The Benefits Of Resource Centers

I teach people how to blog. As a blogger you’re creating content for a specific target audience and trying to provide them with as much value as possible.

Whether it’s education or entertainment, as you grow your blog, people will begin coming to you for information.

They will want to know what tools and resources you use in doing what you do. You’ve become an expert that they trust, and that trust equates to authority which is valuable.

I’ve begun to create extensive resource centers for my audience on the different areas I have authority in. This is more than just a blog post or a video, these are comprehensive.

My resource centers provide everything someone would want to know about a topic, as well as tools and resources for further learning. All the essentials. Resource centers are a great content asset to create because they are extremely shareable. Google loves them and they rank highly in search results.

Your resource centers actually provide you with a significant amount of leverage and a means to reach out to other content creators who may be good partners for affiliate deals or other JV opportunities.

Speaking of which, resource centers can yield amazing financial returns! I’m often surprised why there aren’t more people producing their own.

Now there isn’t exactly one right way to set up your resource center. Different resource centers I’ve created have had different goals and that’s dictated the format. My Get Response resource center was a series of videos which served as walkthroughs on how to use the product.

All my videos were on different web pages so the views were not as concentrated. However, this resource center was amazing for opening up the door to future relationships.

On the other hand, my SnapChat resource center was set up as an ultimate tutorial. In this case, I wanted to use it as a way to generate views and social shares so I put all my content on one page.

Now the page has over 60,000 views so it conveys a certain level of authority. It all comes down to having an understanding of what your goal is.

Get Clear

When you’re creating a resource center you must get clear on who the intended audience is and what they want to see.

If you’re trying to help them make a purchasing decision you need to walk yourself through what questions and concerns they might have when selecting the right product. If you’re teaching them a skill or a new tool, ask “what will this person need to learn at the end of the process in order to feel competent?”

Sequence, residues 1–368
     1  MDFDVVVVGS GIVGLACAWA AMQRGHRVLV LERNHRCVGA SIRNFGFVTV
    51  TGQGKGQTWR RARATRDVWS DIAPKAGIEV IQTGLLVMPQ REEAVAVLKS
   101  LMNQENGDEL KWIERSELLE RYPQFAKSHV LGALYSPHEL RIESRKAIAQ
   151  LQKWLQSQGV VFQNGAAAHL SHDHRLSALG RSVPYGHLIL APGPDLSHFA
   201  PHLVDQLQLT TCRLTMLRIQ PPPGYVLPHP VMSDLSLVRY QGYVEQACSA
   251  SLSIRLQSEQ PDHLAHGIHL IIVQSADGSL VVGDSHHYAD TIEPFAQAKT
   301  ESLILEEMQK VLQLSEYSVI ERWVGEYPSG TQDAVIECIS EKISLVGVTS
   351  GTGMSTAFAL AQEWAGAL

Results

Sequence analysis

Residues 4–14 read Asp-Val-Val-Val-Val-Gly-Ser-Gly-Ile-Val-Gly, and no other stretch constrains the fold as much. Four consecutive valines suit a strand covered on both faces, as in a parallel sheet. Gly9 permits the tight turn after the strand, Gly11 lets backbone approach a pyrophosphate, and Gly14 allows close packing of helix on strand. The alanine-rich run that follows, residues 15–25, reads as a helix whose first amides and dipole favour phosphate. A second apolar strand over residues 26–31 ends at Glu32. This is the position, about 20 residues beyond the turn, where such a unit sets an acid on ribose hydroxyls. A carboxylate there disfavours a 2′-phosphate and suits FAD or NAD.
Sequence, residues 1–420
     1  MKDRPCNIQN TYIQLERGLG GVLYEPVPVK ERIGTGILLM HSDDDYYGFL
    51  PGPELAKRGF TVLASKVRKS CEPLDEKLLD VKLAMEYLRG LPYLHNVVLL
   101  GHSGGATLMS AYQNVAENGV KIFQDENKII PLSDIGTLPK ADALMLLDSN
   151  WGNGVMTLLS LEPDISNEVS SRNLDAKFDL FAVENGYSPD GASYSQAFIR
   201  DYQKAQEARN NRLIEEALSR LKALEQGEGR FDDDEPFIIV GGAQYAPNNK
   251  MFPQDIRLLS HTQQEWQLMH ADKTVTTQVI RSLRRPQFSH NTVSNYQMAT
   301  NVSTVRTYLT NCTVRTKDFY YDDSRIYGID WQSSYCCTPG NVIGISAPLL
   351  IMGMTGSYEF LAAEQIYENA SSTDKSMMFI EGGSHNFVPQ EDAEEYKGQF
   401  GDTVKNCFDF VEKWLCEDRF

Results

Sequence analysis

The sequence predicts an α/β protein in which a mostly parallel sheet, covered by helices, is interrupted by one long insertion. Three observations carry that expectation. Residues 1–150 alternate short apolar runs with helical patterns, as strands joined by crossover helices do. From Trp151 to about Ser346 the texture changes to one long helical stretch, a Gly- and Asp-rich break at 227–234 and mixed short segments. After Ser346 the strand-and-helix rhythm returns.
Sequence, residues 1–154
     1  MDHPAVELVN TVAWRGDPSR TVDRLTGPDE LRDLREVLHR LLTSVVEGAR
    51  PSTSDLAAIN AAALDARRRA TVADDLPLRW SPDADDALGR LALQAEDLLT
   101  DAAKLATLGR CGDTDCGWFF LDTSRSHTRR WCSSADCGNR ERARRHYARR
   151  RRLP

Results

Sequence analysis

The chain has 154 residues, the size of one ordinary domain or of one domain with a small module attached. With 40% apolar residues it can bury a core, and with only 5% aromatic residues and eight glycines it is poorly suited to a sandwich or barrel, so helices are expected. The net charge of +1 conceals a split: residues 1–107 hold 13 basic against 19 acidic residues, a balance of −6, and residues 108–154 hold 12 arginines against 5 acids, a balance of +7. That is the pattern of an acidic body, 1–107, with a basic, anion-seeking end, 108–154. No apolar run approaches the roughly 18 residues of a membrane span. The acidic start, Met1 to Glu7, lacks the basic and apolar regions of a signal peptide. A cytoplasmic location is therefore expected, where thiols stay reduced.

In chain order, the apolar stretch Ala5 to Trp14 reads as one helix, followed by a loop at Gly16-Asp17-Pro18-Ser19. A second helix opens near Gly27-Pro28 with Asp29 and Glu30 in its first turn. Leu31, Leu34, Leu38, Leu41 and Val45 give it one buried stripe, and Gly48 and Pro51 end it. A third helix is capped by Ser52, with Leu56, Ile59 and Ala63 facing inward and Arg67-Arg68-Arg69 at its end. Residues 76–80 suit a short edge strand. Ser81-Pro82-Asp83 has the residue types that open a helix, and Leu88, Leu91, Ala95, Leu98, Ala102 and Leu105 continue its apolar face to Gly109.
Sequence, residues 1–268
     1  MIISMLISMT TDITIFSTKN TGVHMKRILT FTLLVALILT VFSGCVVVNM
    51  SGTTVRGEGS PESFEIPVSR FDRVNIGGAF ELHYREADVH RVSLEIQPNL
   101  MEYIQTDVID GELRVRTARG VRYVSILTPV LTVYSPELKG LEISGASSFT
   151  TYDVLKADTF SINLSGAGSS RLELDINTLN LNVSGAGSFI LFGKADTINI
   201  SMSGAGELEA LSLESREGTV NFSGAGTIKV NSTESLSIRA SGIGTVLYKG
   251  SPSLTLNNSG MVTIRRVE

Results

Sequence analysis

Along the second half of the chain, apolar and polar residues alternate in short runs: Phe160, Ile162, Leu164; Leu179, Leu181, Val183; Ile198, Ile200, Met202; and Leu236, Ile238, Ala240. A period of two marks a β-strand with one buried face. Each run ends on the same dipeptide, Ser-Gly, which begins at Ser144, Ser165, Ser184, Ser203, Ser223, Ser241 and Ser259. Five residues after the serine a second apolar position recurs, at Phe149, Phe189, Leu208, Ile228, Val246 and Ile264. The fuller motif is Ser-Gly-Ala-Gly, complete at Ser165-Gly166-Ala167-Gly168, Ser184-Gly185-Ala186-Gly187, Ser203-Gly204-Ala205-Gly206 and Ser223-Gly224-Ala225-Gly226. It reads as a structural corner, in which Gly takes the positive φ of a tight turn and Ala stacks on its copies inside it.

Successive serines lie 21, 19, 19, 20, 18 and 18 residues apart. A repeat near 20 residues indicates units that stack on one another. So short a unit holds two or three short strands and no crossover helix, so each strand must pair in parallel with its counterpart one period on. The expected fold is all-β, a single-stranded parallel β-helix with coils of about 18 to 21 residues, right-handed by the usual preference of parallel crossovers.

Create a list of what each of these pieces are, as extensive as possible. If you can put them into an order that makes the most sense.

Your lists then become your outline. Not just for each topic area but for each individual piece of content you’re creating. Sometimes I ask my audience what questions they have for me and then I add that right in.

You need to think through what you want your resource center to look like as a finished product, this is where you can go the extra mile by putting yourself into the audience’s shoes.

If I feel like they’re going to want a downloadable guide, then I provide that. If I think an infographic would show how competing products stack up, then I make that a part of it.

What you want is to become the one stop shop for this topic and your audience will love you forever.

Action Steps

  1. Decide on a topic for your resource center or ultimate tutorial.
  2. Choose your goal for the resource center, perhaps social shares or financial gain.
  3. Get clear on your intended audience, who are they and what are they looking for.
  4. Think through what they would want to know about the topic and outline it as specifically as possible.
  5. Create the content that they’ll want to see the most in the resource center.


Result You Will Achieve

A resource center to educate your audience on a topic that’s important to them (and gain authority and trust at the same time.)

Mentor: Leslie Samuel

Founder of Become A Blogger. Leslie is a former university professor, the creator of the Become A Blogger and host of the Learning with Leslie Podcast.

This article is based on an EHQ interview with the mentor.